MICHELE NORRIS, host:

From NPR News, this is ALL THINGS CONSIDERED. I'm Michele Norris.

MELISSA BLOCK, host:

And I'm Melissa Block.

Filmmaker Michael Moore has made a career of playing David to institutional Goliaths. He's taken on General Motors, the National Rifle Association and the Bush administration in his documentaries. And now, in the film titled "Sicko," he's going after America's healthcare industry, especially insurance and drug companies.

(Soundbite of documentary "Sicko")

Mr. MICHAEL MOORE (Director): Four health care lobbyists for every member of Congress. Here's what it costs to buy this man and this woman. This guy. And this guy. And the United States slipped to 37th in healthcare around the world, just slightly ahead of Slovenia.

BLOCK: Michael Moore's films have been popular and critical successes. But perhaps because he's attacking powerful interest groups, they're nearly always challenged as misleading. We're going to talk about "Sicko" now, first on the level of entertainment with our film critic, Bob Mondello. Hi, Bob.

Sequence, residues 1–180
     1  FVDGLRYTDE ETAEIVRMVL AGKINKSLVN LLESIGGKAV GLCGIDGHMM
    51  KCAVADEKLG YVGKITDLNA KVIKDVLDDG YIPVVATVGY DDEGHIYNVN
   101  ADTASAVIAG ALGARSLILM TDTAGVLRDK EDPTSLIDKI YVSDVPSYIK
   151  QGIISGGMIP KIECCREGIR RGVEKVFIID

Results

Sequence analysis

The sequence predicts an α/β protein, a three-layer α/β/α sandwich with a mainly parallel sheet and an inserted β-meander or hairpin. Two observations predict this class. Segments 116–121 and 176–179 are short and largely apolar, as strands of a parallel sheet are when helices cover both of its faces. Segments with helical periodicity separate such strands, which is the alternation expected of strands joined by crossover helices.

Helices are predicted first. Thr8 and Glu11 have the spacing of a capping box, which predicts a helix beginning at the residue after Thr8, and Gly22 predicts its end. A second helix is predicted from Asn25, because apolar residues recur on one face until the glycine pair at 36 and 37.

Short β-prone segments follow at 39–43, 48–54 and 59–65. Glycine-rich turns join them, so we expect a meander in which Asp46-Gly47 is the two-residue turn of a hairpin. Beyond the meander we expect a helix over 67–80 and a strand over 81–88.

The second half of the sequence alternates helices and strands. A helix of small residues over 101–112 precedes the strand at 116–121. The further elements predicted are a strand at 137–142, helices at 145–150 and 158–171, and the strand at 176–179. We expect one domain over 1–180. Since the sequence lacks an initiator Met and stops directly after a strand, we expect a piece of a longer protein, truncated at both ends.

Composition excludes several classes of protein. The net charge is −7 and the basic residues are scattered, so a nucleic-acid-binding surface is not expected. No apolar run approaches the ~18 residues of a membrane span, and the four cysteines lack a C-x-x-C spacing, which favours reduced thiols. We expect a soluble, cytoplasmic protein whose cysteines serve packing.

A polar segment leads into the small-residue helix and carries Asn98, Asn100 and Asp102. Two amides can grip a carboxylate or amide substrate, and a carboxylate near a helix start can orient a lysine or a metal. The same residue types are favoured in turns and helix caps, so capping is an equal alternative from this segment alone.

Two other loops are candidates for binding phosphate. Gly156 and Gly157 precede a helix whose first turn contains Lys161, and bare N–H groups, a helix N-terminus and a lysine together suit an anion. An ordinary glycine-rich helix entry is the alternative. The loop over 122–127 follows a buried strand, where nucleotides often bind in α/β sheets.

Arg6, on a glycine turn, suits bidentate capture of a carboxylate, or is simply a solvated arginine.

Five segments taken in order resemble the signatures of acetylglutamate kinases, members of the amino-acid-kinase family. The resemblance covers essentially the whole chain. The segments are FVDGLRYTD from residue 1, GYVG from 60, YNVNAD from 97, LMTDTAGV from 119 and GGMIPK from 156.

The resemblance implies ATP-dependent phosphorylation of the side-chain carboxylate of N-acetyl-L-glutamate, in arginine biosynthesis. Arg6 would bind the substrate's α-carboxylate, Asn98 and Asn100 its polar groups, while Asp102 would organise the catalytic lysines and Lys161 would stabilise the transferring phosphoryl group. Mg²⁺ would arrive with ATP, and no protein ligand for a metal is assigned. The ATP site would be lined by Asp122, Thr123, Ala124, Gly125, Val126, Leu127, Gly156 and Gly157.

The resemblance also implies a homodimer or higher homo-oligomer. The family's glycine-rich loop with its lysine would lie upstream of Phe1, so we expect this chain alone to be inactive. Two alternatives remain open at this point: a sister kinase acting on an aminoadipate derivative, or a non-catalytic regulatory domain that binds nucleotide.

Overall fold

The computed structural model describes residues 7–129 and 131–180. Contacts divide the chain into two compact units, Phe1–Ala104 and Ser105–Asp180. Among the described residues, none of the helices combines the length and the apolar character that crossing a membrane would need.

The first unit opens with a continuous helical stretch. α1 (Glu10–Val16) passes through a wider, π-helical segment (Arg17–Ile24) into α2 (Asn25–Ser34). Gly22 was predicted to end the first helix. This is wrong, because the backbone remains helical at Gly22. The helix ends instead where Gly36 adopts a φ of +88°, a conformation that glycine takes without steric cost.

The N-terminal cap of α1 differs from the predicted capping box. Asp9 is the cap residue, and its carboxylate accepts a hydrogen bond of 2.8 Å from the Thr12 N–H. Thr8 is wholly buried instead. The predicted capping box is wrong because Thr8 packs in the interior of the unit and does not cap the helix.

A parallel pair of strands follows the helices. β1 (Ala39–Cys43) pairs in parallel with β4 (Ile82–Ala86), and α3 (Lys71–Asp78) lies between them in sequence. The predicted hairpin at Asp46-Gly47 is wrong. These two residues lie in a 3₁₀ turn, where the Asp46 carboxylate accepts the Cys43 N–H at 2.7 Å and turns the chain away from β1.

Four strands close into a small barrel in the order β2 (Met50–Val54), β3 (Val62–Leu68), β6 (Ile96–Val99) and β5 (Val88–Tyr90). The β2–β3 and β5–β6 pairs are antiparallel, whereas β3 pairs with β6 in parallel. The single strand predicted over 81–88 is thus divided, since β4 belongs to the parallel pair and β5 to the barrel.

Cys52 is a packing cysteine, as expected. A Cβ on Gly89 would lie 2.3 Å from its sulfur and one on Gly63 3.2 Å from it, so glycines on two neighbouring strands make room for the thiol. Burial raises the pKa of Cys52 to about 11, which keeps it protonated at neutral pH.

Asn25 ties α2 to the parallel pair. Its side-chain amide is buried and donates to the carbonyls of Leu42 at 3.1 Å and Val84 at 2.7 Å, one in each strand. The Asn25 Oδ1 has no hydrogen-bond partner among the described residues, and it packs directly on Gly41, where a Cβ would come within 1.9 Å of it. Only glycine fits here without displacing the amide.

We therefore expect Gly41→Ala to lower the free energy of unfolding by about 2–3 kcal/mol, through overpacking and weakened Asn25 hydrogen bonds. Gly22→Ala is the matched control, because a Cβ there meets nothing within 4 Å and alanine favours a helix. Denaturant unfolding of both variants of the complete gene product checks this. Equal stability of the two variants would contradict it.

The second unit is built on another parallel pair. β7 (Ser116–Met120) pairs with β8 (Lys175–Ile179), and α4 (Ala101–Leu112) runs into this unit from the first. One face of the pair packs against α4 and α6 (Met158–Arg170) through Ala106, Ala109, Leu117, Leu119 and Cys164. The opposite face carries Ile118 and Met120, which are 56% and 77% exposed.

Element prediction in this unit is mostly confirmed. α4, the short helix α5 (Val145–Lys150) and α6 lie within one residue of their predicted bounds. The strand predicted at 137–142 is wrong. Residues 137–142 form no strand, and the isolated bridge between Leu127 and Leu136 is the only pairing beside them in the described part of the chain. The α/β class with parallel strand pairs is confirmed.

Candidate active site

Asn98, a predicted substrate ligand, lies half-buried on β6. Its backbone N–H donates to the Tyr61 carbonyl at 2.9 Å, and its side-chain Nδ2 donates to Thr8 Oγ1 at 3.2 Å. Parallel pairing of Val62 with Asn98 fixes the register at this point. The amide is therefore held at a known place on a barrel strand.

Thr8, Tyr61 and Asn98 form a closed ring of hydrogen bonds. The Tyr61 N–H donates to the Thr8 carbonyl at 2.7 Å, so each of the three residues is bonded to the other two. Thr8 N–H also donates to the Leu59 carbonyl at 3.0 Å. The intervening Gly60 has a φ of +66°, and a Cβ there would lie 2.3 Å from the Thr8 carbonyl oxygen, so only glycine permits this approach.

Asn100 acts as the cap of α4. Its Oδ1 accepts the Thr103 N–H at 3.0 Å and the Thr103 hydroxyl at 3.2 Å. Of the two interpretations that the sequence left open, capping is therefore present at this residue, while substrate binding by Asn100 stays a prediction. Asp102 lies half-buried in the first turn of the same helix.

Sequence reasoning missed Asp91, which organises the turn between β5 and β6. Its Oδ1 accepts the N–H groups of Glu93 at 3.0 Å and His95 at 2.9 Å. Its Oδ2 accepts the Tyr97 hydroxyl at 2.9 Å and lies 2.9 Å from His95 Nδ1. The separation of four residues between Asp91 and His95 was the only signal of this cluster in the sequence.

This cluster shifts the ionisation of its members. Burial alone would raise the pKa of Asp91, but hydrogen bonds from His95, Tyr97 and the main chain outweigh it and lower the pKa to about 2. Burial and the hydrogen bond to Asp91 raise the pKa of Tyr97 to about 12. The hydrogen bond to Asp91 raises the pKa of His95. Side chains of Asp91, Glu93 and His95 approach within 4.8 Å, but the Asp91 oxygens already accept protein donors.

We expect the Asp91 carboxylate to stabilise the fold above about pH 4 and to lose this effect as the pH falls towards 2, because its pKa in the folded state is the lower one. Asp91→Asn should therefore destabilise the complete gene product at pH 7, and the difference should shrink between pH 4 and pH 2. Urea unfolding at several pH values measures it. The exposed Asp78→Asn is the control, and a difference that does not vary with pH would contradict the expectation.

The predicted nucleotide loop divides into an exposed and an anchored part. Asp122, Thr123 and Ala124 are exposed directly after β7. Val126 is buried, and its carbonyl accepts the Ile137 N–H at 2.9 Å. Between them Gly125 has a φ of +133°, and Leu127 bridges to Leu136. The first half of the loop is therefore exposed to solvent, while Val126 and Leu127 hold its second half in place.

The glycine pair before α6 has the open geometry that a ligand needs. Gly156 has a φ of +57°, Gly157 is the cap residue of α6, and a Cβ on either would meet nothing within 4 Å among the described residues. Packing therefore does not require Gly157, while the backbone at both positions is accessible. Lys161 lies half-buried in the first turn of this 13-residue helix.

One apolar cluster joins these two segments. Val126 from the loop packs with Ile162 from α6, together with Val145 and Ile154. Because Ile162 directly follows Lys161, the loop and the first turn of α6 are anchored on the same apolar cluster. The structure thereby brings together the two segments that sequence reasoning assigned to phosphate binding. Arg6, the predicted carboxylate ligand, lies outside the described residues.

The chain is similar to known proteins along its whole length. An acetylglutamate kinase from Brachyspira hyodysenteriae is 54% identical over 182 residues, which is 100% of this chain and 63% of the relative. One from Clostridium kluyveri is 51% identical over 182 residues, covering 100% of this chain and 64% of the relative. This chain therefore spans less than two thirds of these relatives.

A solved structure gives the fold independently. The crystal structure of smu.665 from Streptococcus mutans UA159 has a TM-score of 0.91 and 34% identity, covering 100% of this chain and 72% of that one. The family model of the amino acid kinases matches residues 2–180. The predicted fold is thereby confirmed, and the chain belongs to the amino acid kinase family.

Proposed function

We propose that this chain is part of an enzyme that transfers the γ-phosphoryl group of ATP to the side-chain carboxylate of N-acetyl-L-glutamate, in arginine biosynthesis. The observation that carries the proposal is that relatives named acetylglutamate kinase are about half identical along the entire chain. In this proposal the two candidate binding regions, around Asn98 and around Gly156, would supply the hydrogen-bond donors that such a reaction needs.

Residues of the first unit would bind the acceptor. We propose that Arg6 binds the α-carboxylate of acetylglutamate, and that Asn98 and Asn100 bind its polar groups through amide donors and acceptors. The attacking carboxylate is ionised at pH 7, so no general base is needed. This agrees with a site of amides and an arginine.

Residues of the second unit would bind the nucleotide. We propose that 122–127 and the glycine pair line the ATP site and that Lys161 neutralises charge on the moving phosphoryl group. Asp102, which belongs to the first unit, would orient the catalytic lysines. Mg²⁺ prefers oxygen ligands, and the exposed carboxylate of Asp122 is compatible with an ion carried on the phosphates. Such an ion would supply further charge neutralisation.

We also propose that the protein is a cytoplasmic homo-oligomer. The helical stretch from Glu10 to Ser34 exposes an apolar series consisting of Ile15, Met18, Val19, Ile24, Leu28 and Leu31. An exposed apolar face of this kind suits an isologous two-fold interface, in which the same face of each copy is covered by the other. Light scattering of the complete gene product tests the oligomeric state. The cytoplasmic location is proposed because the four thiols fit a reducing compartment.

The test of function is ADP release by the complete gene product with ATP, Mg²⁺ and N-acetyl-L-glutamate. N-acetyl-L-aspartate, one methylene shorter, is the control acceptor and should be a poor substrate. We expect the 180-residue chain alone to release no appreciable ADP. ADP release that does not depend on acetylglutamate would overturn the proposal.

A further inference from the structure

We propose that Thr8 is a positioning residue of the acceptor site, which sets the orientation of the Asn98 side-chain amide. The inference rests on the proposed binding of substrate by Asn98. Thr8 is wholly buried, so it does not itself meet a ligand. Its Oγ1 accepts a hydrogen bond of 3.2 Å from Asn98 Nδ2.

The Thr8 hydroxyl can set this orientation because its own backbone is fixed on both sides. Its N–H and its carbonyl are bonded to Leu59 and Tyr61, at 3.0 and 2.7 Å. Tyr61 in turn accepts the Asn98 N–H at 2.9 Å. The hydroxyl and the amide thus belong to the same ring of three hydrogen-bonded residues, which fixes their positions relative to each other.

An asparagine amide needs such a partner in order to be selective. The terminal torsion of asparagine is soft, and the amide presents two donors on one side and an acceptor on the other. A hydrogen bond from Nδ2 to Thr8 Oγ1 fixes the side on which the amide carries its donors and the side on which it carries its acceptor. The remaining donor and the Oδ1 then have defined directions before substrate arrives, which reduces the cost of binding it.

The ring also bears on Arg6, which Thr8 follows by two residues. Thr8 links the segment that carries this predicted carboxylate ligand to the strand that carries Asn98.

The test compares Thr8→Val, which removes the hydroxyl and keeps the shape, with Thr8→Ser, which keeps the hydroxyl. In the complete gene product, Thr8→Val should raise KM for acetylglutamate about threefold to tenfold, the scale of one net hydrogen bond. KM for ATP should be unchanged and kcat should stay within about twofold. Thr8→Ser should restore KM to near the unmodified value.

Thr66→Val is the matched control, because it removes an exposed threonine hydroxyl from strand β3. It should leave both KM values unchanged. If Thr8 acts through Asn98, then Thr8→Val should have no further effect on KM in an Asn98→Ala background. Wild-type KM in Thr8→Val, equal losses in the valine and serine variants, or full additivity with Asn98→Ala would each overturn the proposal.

BOB MONDELLO: It's good to be here.

BLOCK: And we're also going to truth squad some of the claims Michael Moore makes with our science correspondent, Joanne Silberner, who covers the health industry for NPR. Joanne, welcome.

JOANNE SILBERNER: Thank you.

BLOCK: And let's start on the level of entertainment. Bob, I saw this movie the other night, and Michael Moore does what he does quite well - which is mix tragedy and comedy back-to-back.

MONDELLO: Yeah. He really does. At the very beginning, he starts out with a whole bunch of horror stories, and they're just - they're absolutely grim. And you look at people who are deprived of various forms of care because they simply can't afford it. And he does a lot of very clever things about making the reasons for this funny. I mean, for instance, he uses the Star Wars theme, and he has the - all of the various reasons you can be denied coverage by your insurance company, rolling away and it's thousands...